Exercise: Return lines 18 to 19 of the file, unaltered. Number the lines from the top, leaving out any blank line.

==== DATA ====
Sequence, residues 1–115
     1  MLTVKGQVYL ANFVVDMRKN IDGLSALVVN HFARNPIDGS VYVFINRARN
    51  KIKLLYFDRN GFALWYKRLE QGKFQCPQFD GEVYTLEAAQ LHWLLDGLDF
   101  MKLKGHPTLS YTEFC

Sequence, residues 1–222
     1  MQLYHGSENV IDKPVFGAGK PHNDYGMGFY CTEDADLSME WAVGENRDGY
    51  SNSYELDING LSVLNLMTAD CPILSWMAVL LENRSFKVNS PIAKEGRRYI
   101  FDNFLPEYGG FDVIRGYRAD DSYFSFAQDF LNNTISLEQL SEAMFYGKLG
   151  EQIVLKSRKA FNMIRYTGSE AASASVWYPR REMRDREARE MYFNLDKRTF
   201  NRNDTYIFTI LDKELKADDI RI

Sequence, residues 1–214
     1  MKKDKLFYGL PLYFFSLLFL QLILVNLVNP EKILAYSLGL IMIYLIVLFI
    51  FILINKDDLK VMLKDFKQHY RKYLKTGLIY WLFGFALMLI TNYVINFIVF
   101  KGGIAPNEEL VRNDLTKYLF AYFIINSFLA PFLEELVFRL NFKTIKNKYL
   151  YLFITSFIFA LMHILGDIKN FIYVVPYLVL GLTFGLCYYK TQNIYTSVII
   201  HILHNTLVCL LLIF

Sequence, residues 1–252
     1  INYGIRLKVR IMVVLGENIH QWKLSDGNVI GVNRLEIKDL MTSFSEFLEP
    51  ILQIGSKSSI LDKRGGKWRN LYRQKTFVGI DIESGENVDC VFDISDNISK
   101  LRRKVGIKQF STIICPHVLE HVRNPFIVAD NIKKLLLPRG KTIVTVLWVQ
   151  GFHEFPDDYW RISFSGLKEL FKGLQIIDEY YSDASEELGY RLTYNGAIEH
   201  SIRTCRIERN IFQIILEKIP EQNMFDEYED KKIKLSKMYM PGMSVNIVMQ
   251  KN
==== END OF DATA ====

     1  INYGIRLKVR IMVVLGENIH QWKLSDGNVI GVNRLEIKDL MTSFSEFLEP
    51  ILQIGSKSSI LDKRGGKWRN LYRQKTFVGI DIESGENVDC VFDISDNISK